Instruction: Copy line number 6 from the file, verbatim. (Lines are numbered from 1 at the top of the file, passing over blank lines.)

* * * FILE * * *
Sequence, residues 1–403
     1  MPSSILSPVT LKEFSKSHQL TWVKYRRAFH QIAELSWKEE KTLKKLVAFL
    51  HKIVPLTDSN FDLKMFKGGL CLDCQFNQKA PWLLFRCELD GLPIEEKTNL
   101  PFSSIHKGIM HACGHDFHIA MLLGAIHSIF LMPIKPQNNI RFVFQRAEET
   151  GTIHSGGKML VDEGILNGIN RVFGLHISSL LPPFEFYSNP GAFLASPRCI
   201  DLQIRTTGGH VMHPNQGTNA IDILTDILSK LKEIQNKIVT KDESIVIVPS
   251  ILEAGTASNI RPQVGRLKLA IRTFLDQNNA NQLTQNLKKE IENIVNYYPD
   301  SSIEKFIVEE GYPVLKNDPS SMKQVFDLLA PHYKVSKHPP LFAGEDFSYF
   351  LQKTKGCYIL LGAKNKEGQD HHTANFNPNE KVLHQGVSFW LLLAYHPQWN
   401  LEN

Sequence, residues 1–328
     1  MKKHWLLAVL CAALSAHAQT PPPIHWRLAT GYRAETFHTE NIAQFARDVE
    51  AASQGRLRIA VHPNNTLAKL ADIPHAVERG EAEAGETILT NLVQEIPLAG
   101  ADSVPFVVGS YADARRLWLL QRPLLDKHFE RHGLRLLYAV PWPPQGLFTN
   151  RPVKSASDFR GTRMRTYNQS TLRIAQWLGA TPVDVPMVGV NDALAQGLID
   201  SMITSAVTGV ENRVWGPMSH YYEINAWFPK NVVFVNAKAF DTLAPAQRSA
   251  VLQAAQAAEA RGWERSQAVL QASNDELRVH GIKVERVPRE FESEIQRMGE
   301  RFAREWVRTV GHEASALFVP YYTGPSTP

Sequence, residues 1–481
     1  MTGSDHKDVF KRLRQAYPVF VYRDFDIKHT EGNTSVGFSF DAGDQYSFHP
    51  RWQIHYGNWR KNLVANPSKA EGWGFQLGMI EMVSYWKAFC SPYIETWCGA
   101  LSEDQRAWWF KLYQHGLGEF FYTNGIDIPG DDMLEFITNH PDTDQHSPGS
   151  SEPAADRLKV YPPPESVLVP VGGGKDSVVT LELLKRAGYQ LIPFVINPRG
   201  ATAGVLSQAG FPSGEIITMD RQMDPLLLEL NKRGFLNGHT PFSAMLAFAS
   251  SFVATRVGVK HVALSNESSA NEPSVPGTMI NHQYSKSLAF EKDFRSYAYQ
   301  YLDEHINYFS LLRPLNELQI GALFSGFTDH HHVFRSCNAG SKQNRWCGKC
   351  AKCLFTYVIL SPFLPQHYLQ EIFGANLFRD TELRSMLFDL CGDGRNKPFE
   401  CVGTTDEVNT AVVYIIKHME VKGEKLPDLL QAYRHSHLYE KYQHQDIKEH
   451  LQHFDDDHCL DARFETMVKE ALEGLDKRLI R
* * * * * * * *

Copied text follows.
   201  DLQIRTTGGH VMHPNQGTNA IDILTDILSK LKEIQNKIVT KDESIVIVPS